Danger from target shooters’ stray bullets near homes in Stilwell and Spring Hill has been such a persistent problem this year that Johnson County commissioners were willing to touch the “third rail” of politics Thursday.
The commission, after hearing a second round of horror stories from residents about bullets hitting their homes, approved a resolution to place a higher priority on stray bullet complaints as they come into the sheriff’s department and the district attorney’s office. In addition, Sheriff Calvin Hayden was charged with coming up with recommendations for changes in state law that would address the problem of target shooting in populated areas where the suburbs meet the countryside.
County planners also were tasked with drawing up some rules for safe setup of private shooting ranges. The commission declined to ask for new codes, though, in favor of “guidance.”
Commissioner Steve Klika proposed the specifics to a general amendment promoting gun safety. “I’ve not asked anywhere down the line that anyone have their guns taken away from them or (not) be able to shoot them,” he said, adding that law enforcement should more aggressively pursue the stray bullet cases. “I want to see ramifications if people are going to be stupid.”
Troubles in the area have continued since neighbors descended upon the commission in March to demand action on what they described as a terrifying amount of gunfire from target shooters. In the days before that meeting, a stray bullet pierced a car on U.S. Highway 169 near 199th Street, narrowly missing an 11-year-old girl returning home from soccer.
Target practice with AK 47 and AR 15 firearms
On Thursday, Matt Keys of Stilwell described his day May 31, when, after listening to three-and-a-half hours of gunfire coming from an adjacent field, he discovered four bullets had struck his home in an area often used by his children.
The shooters were determined to have been firing at a brush pile with an AK 47 and AR 15 only a third of a mile from his home, and a little over a mile and a half from Stilwell Elementary School, Keys said.
“After three months of patiently waiting, the sheriff has indicated that essentially no charges will be filed,” he said. “That means that the land owner, gun owners and all four shooters will walk away completely off the hook with full access to both firearms used to commit this offense against my family.”
Those were far from isolated cases. According to others who came to speak at the commission meeting, the fear of stray bullets is a fact of life in the area. Deb Slater described going into her yard and hearing bullets go into the surrounding trees, causing birds to fly up. And Pat McRoberts of Stilwell, said loud booms from nearby shooting are not uncommon.”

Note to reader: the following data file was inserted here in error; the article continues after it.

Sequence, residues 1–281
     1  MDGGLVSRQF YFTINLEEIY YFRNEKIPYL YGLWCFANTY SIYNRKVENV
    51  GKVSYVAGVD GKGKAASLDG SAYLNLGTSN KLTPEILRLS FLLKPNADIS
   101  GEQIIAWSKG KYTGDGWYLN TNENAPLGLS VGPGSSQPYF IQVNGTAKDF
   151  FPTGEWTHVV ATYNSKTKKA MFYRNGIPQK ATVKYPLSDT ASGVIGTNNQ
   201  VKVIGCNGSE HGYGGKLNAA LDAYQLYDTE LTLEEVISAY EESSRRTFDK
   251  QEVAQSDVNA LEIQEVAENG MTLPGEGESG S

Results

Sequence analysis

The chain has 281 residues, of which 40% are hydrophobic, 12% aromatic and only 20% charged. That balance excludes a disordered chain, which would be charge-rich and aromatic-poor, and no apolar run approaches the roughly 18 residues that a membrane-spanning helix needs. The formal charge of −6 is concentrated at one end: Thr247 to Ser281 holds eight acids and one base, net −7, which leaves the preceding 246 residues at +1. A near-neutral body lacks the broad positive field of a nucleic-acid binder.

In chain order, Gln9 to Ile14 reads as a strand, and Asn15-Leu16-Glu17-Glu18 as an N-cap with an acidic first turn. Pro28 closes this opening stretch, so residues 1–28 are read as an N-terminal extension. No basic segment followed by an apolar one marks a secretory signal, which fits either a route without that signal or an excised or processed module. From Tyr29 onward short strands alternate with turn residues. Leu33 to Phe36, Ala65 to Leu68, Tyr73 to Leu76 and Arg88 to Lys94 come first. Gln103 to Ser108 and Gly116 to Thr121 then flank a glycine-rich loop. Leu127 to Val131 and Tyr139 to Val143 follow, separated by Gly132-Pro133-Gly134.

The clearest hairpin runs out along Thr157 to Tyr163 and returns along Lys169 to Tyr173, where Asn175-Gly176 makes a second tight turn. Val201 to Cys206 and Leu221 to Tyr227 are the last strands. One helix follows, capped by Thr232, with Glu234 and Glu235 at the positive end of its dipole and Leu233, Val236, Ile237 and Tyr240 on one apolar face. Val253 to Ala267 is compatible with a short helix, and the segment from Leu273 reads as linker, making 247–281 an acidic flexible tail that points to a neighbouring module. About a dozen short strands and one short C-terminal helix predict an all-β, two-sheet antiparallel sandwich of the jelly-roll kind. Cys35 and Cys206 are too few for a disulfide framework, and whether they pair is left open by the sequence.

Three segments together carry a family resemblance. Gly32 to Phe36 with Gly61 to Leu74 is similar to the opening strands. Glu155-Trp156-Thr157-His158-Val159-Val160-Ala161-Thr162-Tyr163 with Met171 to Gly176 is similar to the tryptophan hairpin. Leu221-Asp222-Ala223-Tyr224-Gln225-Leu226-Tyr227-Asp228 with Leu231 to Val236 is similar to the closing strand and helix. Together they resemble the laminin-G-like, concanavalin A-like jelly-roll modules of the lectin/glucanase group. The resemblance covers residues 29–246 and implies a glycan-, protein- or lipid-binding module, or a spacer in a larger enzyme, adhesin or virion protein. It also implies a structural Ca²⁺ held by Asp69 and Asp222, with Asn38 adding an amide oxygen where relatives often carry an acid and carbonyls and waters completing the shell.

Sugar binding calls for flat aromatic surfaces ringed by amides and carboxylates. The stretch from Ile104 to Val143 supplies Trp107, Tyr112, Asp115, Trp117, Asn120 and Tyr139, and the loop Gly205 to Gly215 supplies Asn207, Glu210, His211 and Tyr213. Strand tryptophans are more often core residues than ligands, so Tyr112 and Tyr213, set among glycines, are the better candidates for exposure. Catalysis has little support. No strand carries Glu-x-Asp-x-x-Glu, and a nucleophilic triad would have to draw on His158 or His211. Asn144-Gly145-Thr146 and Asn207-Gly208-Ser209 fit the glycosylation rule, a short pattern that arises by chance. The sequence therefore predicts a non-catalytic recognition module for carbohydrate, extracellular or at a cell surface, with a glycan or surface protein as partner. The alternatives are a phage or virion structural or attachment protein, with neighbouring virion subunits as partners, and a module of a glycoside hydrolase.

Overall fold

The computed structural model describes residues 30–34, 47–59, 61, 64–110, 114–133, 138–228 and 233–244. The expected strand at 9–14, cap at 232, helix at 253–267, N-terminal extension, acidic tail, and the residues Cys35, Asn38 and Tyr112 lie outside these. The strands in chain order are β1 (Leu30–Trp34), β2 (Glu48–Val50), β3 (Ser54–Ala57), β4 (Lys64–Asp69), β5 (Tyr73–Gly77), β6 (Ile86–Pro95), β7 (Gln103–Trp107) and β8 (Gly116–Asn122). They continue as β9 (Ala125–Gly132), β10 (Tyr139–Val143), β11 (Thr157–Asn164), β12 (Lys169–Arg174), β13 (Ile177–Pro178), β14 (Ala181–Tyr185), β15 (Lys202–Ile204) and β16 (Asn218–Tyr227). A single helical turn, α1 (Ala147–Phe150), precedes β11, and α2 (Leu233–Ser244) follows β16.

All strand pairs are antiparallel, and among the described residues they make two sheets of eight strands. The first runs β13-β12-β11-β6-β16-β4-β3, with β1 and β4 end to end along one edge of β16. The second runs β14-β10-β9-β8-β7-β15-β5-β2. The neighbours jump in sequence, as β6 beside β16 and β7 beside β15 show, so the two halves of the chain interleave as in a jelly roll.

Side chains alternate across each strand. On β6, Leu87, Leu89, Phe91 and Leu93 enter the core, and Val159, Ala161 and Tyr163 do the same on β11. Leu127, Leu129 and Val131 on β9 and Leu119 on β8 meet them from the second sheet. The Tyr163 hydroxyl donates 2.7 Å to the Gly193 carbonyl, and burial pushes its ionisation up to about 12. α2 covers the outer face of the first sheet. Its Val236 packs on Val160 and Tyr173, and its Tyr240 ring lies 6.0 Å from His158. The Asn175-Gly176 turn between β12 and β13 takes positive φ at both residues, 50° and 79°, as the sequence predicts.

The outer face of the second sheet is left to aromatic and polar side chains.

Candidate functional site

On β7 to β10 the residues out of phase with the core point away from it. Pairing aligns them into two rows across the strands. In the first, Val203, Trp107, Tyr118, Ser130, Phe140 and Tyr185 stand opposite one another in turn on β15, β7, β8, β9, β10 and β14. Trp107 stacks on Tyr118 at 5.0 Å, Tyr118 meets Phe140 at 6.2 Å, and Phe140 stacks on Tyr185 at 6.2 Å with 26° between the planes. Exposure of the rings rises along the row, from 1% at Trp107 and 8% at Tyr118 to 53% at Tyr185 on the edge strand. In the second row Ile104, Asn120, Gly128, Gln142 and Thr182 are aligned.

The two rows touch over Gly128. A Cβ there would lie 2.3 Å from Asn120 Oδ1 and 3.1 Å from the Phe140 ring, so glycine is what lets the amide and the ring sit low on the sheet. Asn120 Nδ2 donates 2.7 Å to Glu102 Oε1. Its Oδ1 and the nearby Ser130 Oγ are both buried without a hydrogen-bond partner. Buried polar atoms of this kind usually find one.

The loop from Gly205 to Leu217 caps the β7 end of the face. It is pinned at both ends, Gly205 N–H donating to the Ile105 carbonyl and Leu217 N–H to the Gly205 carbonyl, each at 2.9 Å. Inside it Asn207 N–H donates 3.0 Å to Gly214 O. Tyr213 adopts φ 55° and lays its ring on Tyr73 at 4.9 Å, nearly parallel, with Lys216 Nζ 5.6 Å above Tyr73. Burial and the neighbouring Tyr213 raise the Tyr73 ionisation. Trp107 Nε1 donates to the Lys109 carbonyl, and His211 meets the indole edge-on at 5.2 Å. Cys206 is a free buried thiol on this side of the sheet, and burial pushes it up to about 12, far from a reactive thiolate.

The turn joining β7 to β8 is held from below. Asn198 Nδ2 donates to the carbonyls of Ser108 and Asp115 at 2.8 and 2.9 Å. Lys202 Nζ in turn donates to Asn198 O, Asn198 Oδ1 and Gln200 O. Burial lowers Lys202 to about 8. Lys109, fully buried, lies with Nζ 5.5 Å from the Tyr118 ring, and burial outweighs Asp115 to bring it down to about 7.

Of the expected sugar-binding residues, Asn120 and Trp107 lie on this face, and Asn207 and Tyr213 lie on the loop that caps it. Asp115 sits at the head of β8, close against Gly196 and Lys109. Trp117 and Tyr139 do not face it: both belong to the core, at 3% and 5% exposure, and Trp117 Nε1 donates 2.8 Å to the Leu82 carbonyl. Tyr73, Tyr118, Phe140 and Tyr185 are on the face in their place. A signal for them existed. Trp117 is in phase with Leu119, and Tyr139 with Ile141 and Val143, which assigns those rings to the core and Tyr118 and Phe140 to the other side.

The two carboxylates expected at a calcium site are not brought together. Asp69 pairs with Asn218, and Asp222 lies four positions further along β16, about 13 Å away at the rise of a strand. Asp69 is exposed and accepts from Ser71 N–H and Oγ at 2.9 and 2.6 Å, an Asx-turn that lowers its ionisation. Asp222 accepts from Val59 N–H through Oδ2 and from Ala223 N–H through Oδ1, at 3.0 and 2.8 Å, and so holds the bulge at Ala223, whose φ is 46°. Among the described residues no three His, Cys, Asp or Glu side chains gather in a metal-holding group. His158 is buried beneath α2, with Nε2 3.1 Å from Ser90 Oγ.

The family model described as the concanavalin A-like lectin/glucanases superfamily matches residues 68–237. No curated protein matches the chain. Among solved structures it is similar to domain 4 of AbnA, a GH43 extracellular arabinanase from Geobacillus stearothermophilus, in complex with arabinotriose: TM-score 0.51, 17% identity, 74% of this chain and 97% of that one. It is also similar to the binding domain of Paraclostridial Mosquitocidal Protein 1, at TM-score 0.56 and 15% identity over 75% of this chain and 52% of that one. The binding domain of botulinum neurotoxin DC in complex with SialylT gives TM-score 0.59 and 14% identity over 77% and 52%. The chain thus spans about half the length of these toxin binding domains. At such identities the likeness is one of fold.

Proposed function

“The way we’re dealing with the situation in Stilwell right now, it’s like playing Russian roulette when you send your kids out or you’re outside mowing or you’re sitting on your deck. We don’t know what’s going to happen,” he said.
The number of stray bullet complaints this year has been “unheard of, normally,” Hayden said, speculating that more people are buying guns lately due to social unrest. But also contributing to the conflicts is the fast growth of the suburban fringe, where residential subdivisions of families home more often during the pandemic butt up against neighbors employing their Second Amendment rights to firearms. The Spring Hill area is one of the fastest growing places in Johnson County, Klika said.
Because of statutory limits on firearms ordinances, the commission has had to thread the needle on how to approach the problem. Incorporated cities can impose ordinances on unlawful discharge of firearms within city limits, as Lenexa did on Tuesday. But unincorporated areas have no such legal options. Stilwell is unincorporated.
‘We’ve got to do something for our kids’
Hayden also said there are difficulties in pressing a case against a person suspected of reckless shooting. For instance, lab tests matching the bullet to the gun can’t take place until the suspect hands in the gun. Even then, there’s the question of how to identify which person fired the shots, if the guns were passed back and forth during target practice.
But Hayden said he’s in favor of reviewing how state statutes might be changed to ensure more gun safety, and he said he’d be willing to present ideas to lawmakers.
“We’ve got to do something for our kids. We’ve got our most valuable commodity playing in the yard and they’ve got to be safe,” he said. “To me, if you hit somebody’s house four times, that’s reckless.”
Commissioner Mike Brown warned that commission in-boxes are likely to fill up soon because they have touched a sensitive “rail” that politicians are normally loathe to touch. But he said he would support the action as long as it was focused on safety and not gun control.
The National Rifle Association and other gun rights groups are concerned about the “slippery slope,” he said. “When you crack the door open even a little the concern is, then where does it take off to? I intend to hold my foot in the door just barely cracked open.”